Haiti’s prime minister vows to hold elections “as soon as possible” election news

Ariel Henry’s promise was made at a time when Haitian President Jovenel Moise was facing continued political instability after the killing.

The newly sworn-in interim prime minister of Haiti said that after the assassination of President Jovenel Moise, the Haitian government plans to work hard to get the Caribbean country to hold elections “as soon as possible.” Deeper political uncertainty.

Ariel Henry Confirmed as prime minister At a ceremony held in Port-au-Prince last week, it was stated on Wednesday that “the task of this government is to prepare conditions for the holding of elections as soon as possible.”

Henry did not specify the exact time of the election-Moyes had promised to hold the election later this year-when it would be held.

His remarks come as Haiti continues to be affected by political instability. Moise was killed in the early morning of July 7When armed gunmen rushed into his private residence in the capital and shot him and his wife, they were seriously injured.

attack Send out a shock wave The gang violence and political instability that spread throughout the country and around the world-and worsened during Moise’s presidency, have become the focus of international attention.

The United States and the United Nations have urged Haitian leaders to advance elections to escape the current crisis, but civil society leaders have Question whether the current conditions in Haiti are favorable Have a free and fair vote.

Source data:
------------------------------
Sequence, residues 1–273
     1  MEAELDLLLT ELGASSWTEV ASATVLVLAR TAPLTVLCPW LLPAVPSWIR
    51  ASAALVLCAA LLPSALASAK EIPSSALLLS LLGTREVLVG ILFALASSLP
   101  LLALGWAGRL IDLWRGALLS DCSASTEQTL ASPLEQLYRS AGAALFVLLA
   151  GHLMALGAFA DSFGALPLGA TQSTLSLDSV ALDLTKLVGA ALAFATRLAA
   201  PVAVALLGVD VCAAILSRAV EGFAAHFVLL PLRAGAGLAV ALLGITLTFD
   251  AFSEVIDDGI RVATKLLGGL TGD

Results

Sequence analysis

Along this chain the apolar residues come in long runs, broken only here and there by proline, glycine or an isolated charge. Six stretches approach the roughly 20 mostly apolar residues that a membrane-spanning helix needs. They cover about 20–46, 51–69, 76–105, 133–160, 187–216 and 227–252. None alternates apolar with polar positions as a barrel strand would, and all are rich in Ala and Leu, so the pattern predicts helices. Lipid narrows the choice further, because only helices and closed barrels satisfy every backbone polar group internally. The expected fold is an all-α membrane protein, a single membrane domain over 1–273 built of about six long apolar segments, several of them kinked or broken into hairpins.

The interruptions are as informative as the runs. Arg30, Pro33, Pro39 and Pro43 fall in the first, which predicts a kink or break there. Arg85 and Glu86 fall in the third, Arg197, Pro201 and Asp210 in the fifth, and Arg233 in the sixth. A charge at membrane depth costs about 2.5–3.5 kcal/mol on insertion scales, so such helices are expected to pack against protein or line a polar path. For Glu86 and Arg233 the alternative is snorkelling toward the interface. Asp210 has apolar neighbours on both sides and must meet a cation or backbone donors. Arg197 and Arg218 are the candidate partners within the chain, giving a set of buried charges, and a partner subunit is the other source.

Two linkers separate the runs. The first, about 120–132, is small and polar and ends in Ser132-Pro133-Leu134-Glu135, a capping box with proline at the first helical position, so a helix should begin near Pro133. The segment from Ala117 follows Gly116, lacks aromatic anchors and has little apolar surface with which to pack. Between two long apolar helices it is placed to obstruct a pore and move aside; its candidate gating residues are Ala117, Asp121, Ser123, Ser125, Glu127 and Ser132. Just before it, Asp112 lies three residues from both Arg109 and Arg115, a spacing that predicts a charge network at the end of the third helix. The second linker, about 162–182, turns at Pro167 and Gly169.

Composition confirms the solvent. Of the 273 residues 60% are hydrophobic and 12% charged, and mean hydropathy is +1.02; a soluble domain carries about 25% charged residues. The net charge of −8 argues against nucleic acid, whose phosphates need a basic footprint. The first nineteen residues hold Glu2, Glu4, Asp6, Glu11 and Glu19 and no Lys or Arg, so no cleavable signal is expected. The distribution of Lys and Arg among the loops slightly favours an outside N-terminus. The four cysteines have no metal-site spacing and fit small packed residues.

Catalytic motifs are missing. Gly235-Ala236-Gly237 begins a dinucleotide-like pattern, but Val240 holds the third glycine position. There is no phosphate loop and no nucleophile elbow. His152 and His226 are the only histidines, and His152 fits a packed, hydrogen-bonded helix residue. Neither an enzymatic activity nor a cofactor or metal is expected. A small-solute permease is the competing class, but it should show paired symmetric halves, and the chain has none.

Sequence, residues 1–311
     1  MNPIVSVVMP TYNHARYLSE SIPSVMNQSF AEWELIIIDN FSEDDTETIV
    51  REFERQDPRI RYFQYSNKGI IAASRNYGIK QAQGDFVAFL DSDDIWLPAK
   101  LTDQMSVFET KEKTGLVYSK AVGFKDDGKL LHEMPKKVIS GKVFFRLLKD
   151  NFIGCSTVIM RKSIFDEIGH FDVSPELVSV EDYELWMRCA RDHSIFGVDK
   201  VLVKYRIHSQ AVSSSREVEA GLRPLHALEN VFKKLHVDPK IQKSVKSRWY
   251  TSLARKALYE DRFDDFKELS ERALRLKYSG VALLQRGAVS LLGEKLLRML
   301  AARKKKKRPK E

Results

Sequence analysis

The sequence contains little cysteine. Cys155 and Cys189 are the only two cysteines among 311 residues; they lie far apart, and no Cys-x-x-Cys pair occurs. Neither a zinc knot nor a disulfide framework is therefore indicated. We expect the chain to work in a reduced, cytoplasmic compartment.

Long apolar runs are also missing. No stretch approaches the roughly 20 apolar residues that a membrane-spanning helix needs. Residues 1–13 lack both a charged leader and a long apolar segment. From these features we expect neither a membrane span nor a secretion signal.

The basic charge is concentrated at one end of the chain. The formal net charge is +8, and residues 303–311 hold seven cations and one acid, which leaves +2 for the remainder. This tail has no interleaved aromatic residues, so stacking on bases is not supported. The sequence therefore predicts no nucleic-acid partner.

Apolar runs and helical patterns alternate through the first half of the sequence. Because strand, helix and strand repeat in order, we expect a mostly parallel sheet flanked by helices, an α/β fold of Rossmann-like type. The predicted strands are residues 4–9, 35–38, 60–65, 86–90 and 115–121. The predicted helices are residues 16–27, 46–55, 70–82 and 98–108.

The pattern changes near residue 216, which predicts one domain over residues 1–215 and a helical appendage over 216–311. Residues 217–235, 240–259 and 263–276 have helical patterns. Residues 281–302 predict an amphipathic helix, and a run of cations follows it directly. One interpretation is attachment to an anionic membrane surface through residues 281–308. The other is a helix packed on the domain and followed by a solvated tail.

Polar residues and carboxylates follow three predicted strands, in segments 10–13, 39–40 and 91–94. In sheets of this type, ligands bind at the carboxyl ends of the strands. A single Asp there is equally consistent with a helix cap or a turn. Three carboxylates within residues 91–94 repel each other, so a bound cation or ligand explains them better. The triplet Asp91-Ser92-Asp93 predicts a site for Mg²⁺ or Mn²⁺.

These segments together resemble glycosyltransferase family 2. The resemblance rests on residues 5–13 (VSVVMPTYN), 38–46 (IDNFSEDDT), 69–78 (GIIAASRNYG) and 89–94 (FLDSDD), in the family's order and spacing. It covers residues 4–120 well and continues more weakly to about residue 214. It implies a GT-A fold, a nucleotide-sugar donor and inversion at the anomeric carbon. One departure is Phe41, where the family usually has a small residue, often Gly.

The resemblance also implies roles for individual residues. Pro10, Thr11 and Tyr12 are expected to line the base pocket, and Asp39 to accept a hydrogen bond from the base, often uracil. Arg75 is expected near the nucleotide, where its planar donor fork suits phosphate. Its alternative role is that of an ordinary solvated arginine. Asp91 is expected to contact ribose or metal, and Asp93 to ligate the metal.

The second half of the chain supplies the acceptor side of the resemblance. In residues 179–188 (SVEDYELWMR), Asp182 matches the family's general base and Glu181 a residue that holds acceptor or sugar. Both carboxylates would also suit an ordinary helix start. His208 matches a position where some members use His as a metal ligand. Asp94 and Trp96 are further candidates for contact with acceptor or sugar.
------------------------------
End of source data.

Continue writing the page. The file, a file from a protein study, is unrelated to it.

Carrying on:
Since last year, Moyes has been governing by law, and opposition groups, civil society organizations, and leading jurists have stated that his presidency ended in February, stimulating Mass protest Persuade him to step down. Many state institutions are not functioning.

On July 9, Pierre Esperance, a leading Haitian human rights advocate, called it “shameful” to promote elections. Gang violence continues to surge, Leading to hundreds of killings, kidnappings and mass displacements.

“In such a violent and lawless environment, where there is no credible state institution functioning-this situation was nurtured by Moise and ultimately cost him his life-how can opposition candidates run safely? How can people participate? Vote and know they will go home alive? How can people believe the result?” Esperance wrote Column For the website Just Security.

Haitians also described the widespread fear in Port-au-Prince.

“Anyone can die, but President Giovinel Moise’s way [did] Show that no one can be exempted,” Emelio, a 61-year-old mason, Told Al Jazeera earlier this month“If the president is killed in his own home, who can be saved from the same fate? That’s why everyone is so scared. It makes you think you are not a human being.”

At the same time, the investigation into the assassination of Moise continues, and his The funeral was held in Cap Haiti Last week in northern Haiti.

Haitian officials said the attack was carried out by a group that included 26 former Colombian soldiers, at least six of whom had received U.S. military training before. So far, more than 20 people have been arrested, but there are still many problems.

authorities Announced on Monday As part of the ongoing investigation, they arrested Jean Laguel Civil, the head of the former president’s security team.

Officials said Civil was held in solitary confinement in a prison in Delmas near the capital, but it is not clear whether he has been charged in any way. His lawyer Renault George said the arrest was politically motivated and said his client was innocent.

“The real culprits are those who authorized these Colombians to enter Haiti; the police should arrest them,” George told Reuters on Tuesday.



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